After he and other Republicans were wined and dined in California:
When N.C. Superintendent of Public Instruction Mark Johnson announced a $6.6 million purchase of iPads to support early grade literacy in August, it seemed welcome news for North Carolina school districts that have long complained of inadequate state resources.
But a Policy Watch review of state documents has found the multi-million dollar investment, which was not put out for bid with other vendors, came roughly seven months after Johnson and a trio of influential Republican budget-writers in the North Carolina General Assembly convened for an “executive briefing” with Apple reps at their Cupertino, Calif., headquarters. During the two-day meeting last October, the trillion-dollar tech giant spent more than $5,300 on transportation, lodging and meals for six state leaders, including dinner at an upscale Silicon Valley restaurant.
I'm sure the faux Libertarians over at Civitas and John Locke are feverishly trying to come up with an adequate spin over this. But years of whining about Democrats doing "favors" for their friends with (wait for it) no-bid contracts, not to mention the whole Free Market "government picking winners" in the private sector thing, has kinda boxed them into a corner. So they'll probably just ignore it completely, and/or crank out an emotional piece about a little boy who flourished in a charter school. But this issue has exposed, maybe better than anything else, Mark Johnson's inability to perform his job properly, or even legally:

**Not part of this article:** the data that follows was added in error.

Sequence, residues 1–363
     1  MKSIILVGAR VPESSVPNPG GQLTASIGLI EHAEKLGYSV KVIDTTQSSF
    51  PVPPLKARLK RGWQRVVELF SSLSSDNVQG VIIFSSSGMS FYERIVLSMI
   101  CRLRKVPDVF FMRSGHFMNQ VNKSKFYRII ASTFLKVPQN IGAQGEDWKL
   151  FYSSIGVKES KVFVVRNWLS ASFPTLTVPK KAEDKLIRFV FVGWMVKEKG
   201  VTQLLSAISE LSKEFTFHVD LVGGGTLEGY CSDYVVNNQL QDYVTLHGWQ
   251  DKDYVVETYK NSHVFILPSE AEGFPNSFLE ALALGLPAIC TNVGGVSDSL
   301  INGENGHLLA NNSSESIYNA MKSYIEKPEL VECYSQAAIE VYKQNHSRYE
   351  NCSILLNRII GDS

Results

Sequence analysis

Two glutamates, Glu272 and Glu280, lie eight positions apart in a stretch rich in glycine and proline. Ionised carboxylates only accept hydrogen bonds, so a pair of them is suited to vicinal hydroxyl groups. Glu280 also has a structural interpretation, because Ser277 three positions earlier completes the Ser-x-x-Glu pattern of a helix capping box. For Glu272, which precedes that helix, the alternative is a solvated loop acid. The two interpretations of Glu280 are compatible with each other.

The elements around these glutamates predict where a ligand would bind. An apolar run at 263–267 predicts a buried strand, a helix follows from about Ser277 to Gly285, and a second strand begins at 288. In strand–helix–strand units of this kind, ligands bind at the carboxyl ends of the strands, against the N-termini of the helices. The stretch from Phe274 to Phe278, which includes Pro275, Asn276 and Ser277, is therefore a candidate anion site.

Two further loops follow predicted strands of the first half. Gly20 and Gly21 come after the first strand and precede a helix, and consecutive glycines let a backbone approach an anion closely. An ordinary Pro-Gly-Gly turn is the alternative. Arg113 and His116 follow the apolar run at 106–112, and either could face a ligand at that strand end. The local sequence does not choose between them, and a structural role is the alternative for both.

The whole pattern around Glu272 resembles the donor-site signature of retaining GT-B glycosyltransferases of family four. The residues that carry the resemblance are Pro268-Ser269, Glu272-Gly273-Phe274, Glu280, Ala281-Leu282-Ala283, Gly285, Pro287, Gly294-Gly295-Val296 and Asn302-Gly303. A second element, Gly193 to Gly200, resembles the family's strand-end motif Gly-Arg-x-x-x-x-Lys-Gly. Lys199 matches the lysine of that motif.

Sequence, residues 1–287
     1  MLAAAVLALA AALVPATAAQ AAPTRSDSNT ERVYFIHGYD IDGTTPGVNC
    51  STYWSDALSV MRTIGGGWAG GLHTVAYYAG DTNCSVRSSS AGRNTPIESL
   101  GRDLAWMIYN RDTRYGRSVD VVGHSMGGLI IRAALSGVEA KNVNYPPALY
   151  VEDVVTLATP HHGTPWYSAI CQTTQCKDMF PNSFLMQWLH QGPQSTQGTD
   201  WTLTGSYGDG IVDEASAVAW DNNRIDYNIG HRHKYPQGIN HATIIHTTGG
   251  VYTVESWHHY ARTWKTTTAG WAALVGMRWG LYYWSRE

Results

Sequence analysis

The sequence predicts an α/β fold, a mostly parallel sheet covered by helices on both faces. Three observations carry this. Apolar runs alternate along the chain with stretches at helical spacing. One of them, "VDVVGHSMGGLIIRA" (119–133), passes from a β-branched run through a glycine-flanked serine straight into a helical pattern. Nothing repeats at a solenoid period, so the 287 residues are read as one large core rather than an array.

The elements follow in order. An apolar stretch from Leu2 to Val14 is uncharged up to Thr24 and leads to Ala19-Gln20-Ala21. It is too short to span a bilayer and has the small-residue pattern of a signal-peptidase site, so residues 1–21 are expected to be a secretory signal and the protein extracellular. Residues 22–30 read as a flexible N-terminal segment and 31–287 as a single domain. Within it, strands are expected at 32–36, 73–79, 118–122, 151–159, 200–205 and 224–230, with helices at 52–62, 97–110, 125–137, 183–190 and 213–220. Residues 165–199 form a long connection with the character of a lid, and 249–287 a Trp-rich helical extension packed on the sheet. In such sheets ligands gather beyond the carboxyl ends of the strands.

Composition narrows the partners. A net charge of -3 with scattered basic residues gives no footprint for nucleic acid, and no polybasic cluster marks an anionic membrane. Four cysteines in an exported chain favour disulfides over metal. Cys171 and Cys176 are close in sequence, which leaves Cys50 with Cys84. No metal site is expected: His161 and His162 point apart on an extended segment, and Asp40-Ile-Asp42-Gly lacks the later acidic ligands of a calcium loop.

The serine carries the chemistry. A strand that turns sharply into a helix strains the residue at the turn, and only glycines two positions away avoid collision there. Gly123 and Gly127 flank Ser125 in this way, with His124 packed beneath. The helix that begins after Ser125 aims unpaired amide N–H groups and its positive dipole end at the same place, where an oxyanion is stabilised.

Meanwhile, Johnson’s office may not have followed the correct purchasing procedures when it bypassed vetting on the iPad deal through the state’s Department of Information Technology.
A DIT review is required under North Carolina’s contract with Apple, according to Bill Holmes, director of legislative and public affairs for the N.C. Department of Information Technology, an executive branch agency that oversees tech services for state agencies. The oversight has unclear ramifications for the deal.
The state superintendent declined an interview to discuss the controversy. However, Graham Wilson, a spokesman for Johnson’s office, said the superintendent received “informal” approval from staff in the Bipartisan State Board of Elections & Ethics Enforcement.
Wilson pointed to an exception in state law that allows public servants like Johnson to treat otherwise impermissible gifts as a donation to the state if the public servant’s employing agency – in this case, the Department of Public Instruction, the agency Johnson runs – approves them to accept such gifts.
“We were comfortable with it,” said Wilson.
And that's a huge problem. You shouldn't have been comfortable with it, especially not when the time came to sign that no-bid contract. If you (and Johnson) are lacking that little voice in your head that tells you when you're treading on an ethical boundary, then you have no business running a hot dog stand, much less DPI.